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While Larry and Mary Creekmore stood helplessly outside their sprawling home on Boltz Lake, fire ravaged the brick structure, destroying all the couple’s treasured collections and belongings.
“We didn’t save one thing,” Mary said.
Larry was able to grab a jewelry box and a couple of his guns, but other than that, the home and contents were a total loss.
Mary, a real estate agent, and her husband, Larry, a retiree, had lived in the home for over four years.
As Larry was returning home on March 15, he noticed smoke coming from the roof.
“I realized something was burning in the attic,” Larry said.
He alerted the wife of a couple who were living in the Creekmore’s basement to get out and call 911.
“I grabbed a few things, just what I could with my hands and got out,” he said.
The fire started in the chimney. It was a total loss.
The Creekmores are living, temporarily, in a friend’s home in Independence.
The 911 call reporting the fire came in at 4:56 p.m. and the Dry Ridge Fire Department arrived on the scene within six minutes after the 911 call, according to dispatch records.
Despite a fire hydrant sitting near the long, winding driveway of the home, firefighters said a lack of water caused them to lose the home.
“We were never able to bring the fire under control because we didn’t have enough water,” said Dry Ridge Assistant Fire Chief Jeff Nantz.
He said five firefighters with DRFD took a hose line to the second floor and used tools to pull down the ceiling to access the fire, but within eight minutes, they had used the 1,000 gallons of water stored in the fire truck’s tank.
While Dry Ridge was inside the burning home, the Williamstown Fire Department arrived and lay more than 2,200 feet of supply line to a fire hydrant on Dry Ridge-Mt. Zion Road.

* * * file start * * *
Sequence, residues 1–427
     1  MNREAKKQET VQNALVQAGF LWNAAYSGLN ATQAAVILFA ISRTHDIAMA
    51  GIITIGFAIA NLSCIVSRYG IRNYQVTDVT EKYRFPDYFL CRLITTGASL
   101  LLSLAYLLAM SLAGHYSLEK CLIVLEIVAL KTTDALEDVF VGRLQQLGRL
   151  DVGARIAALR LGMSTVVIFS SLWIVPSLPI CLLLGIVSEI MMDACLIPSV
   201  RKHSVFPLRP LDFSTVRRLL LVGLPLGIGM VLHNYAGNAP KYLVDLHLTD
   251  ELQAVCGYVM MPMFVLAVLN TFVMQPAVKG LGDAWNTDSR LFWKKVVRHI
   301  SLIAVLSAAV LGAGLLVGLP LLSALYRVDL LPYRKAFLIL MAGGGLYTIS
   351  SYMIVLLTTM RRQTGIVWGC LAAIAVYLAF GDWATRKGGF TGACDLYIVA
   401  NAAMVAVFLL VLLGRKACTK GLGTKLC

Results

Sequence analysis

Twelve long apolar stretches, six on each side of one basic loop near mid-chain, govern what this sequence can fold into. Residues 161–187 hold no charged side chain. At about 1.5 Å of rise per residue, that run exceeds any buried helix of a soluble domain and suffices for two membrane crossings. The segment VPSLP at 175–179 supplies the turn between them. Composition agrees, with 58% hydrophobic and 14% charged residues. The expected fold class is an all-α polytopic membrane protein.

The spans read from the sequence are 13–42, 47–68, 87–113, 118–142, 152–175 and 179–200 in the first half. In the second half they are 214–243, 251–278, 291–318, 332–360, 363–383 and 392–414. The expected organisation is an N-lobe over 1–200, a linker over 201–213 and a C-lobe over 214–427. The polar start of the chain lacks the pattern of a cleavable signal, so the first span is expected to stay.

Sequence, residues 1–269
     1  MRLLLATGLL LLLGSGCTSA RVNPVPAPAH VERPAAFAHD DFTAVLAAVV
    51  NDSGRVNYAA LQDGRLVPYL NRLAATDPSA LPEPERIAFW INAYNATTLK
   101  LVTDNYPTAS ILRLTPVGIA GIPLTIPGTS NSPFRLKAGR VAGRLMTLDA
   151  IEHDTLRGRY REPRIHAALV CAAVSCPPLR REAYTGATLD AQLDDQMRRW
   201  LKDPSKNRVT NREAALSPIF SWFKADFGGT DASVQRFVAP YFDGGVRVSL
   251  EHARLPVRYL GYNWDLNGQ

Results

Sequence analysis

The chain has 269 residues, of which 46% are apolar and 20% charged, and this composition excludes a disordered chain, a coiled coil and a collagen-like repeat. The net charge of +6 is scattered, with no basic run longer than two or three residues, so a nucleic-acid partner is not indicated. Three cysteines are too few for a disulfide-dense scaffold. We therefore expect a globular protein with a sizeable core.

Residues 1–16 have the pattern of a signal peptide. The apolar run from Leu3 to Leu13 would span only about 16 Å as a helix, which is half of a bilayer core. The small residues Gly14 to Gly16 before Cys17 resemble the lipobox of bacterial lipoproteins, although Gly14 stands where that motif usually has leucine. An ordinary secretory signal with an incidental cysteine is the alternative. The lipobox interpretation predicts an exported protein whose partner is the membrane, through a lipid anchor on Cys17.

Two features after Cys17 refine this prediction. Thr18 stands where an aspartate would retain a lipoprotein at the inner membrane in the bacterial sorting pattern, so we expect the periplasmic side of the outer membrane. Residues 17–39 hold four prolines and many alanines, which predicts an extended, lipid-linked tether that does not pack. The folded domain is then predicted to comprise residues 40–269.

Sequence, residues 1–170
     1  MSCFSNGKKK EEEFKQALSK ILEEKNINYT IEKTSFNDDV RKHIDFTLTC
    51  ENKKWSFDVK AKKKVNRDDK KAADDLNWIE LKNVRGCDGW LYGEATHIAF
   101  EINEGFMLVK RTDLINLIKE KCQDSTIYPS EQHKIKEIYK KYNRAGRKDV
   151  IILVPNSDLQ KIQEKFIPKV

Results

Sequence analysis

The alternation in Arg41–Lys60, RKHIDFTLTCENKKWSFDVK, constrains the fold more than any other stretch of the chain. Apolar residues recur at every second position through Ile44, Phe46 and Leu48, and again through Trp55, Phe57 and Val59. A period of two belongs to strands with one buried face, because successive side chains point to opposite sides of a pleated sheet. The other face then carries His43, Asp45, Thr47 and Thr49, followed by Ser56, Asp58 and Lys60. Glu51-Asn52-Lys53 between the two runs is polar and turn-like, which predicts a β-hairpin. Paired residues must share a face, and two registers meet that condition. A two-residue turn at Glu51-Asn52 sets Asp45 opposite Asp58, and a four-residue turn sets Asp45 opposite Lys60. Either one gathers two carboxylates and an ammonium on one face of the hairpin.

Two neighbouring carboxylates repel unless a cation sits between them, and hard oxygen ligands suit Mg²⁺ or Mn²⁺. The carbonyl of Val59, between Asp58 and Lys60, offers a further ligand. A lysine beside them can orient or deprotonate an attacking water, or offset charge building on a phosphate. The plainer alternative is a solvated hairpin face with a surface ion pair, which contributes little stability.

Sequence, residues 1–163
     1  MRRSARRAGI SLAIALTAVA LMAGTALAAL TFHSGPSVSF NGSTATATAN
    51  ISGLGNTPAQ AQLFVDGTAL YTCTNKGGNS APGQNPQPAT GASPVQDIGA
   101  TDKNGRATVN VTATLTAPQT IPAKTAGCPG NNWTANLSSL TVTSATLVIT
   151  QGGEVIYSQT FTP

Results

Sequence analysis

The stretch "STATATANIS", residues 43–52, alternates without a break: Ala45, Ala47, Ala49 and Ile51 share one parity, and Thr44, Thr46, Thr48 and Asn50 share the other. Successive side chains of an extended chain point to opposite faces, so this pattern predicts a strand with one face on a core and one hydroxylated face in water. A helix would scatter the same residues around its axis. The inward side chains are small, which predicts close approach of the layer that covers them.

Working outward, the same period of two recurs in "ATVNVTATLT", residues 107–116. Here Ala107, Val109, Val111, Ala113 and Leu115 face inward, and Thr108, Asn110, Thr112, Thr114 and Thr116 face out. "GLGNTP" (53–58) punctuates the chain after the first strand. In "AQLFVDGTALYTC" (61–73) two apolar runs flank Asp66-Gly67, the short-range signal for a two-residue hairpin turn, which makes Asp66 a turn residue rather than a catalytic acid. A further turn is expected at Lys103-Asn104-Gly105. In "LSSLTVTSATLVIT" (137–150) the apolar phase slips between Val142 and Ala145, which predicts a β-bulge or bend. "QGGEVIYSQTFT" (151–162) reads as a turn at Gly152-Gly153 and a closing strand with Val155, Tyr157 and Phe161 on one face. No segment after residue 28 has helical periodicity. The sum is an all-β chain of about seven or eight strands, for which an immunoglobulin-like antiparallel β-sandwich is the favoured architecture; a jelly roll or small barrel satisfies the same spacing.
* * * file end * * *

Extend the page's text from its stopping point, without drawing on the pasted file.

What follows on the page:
“They hooked the fire engine to the hydrant so they would be able to pump water that far from the hydrant and the fire hose collapsed,” Nantz said.
Billy Catlett, superintendent of the Bullock Pen Water District, who provides water to the area, said that the waterline in the area isn’t designed for larger fire hoses.
“It’s not going to be able to keep up and the firefighters knew they weren’t supposed to do that,’ Catlett said.
Nantz contends that the larger hose that connected the truck to the hydrant is a standard size and is the only size that fits the trucks used by Dry Ridge.
Catlett said the water district is not in the business of fire fighting.
“Those (hydrants) aren’t there for fire protection,” Catlett said. “They are more to fill a dump tank and the water can be shot onto the fire from there. We’ll help the fire departments if we can, but we’re not a fire system.”
Nantz said because the hydrant didn’t work, firefighters had to disconnect the hose from the trucks and move it 800 feet over the hill to Boltz Lake. They also set up a dump tank to shuttle water to the scene, but those delays meant firefighting efforts were delayed.
“Basically, we were 25 minutes without water,” he said.
Nantz said the problems the fire department encountered were two-fold.
“One, we had a lack of water and the other was a lack of manpower at the beginning of the fire,” he said. “If we would have had even four more firefighters there in the beginning and a dependable water source, it might have been a different outcome.”
“It’s very upsetting to us to watch someone’s house burn to the ground. It’s not what we’re about,” said Nantz.
For the Creekmores, the outcome is the same – a blackened, burned out shell of what was their home.
“I don’t even have a toothbrush or socks,” Mary said. “Our whole life was in there and now it’s just gone.”
Mary said the home contained many antique collections, including hand-painted china that she had collected for many years. Also lost is her Kentucky Derby glasses, decanters and collectibles, as well as her husband’s die cast car collection.
“When you lose a house like this, it’s like a death in your family, especially for a woman,” Mary said. “You go to get your favorite ink pen and it’s gone, the afghan you just finished knitting, it’s gone or something your grandmother left you – a woman considers those her friends and they’re just gone.”